To beat the Brits: that is one of the reasons why the Macchi-Castoldi M-C 72 was built. To win the Schneider Trophy, the historical hydroplane competition first announced in 1911, in which Italy had had its fair share of triumphs until 1927, when the United Kingdom had started an uninterrupted winning streak. Fascist Italy felt it had to change that.
Unfortunately, however, the seaplane was not ready by September 1931, when the race was held, and the trophy remained a dream.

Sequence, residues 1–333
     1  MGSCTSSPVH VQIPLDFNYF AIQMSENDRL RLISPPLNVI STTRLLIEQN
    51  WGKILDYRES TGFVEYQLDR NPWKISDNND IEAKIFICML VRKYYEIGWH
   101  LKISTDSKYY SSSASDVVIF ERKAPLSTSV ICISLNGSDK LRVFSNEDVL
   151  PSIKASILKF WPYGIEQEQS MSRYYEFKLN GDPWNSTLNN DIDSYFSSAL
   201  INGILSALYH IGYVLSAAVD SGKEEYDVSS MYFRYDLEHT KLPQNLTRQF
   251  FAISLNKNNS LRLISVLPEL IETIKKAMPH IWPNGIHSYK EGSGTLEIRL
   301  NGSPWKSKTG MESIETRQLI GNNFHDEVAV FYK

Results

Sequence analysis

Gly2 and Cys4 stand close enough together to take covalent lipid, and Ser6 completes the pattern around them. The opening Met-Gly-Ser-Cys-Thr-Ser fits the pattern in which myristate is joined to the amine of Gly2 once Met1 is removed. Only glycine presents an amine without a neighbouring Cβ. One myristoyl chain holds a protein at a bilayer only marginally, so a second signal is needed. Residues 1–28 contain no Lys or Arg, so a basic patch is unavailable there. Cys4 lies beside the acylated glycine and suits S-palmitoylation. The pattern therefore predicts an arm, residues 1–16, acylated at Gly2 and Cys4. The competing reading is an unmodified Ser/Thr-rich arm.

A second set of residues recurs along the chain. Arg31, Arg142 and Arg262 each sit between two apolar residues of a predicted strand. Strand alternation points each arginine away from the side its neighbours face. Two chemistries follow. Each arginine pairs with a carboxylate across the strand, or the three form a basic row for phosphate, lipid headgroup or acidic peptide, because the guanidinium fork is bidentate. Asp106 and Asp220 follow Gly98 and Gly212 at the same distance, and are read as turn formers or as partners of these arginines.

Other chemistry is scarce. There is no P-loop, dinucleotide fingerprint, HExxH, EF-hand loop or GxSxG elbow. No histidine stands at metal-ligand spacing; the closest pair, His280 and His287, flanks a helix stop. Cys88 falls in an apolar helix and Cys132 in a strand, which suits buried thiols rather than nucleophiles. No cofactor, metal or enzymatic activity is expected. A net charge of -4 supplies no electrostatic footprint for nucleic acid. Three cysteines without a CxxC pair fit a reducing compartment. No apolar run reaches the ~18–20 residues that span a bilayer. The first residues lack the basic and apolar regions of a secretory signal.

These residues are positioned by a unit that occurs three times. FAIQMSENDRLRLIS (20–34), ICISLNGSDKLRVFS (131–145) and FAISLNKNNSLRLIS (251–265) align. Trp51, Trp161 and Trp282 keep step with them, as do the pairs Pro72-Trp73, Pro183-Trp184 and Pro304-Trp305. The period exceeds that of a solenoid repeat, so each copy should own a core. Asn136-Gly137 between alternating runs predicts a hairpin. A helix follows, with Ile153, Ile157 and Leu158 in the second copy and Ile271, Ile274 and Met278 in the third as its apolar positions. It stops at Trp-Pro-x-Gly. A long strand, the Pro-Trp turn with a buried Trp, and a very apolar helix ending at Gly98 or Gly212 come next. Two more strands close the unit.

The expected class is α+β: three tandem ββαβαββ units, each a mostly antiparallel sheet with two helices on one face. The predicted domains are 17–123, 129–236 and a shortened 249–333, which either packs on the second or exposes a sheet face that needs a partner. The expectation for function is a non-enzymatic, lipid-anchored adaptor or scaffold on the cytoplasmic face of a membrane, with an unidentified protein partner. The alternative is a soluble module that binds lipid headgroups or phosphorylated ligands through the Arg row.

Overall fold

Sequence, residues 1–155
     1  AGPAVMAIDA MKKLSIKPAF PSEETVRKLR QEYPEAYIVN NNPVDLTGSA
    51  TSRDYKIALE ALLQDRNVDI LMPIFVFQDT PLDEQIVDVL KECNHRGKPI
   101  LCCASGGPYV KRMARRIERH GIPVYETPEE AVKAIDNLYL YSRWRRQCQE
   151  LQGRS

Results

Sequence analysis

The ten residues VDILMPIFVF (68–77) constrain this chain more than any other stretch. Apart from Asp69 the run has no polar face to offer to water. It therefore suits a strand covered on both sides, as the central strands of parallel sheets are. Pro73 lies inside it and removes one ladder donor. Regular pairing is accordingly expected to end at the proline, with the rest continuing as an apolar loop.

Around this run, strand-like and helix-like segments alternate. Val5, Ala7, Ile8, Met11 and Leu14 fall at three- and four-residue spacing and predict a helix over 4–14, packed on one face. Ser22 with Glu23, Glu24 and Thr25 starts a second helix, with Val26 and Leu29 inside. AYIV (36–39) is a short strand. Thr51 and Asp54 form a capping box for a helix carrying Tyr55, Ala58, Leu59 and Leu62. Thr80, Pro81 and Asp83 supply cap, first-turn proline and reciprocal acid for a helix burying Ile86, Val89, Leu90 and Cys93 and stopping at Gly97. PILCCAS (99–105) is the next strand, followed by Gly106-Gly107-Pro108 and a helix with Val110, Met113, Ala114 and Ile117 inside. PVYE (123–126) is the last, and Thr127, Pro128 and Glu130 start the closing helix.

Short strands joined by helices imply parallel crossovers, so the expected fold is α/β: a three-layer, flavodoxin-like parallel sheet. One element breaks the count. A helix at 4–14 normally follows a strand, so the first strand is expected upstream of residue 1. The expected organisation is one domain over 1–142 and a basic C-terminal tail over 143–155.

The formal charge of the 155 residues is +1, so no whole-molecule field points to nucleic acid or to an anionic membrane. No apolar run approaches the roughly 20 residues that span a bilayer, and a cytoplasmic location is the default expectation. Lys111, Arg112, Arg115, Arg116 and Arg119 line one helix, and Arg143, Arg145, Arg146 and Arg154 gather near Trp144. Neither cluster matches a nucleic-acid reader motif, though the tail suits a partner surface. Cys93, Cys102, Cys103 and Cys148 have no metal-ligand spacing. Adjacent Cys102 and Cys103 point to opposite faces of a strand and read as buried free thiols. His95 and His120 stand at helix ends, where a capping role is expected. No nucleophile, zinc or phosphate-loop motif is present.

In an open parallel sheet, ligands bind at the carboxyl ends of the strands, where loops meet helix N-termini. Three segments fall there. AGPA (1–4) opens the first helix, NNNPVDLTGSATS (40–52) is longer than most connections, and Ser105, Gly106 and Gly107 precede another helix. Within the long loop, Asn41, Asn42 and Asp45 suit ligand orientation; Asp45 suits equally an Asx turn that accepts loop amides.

But the Macchi-Castoldi – with its nine-and-a-half-meter wingspan and three tonnes of weight – had its moment of glory in 1934, when it set the world speed record at 709.209 km/h, which still stands today in the propeller-driven seaplane category.
Unsurpassed beauty, at top speed.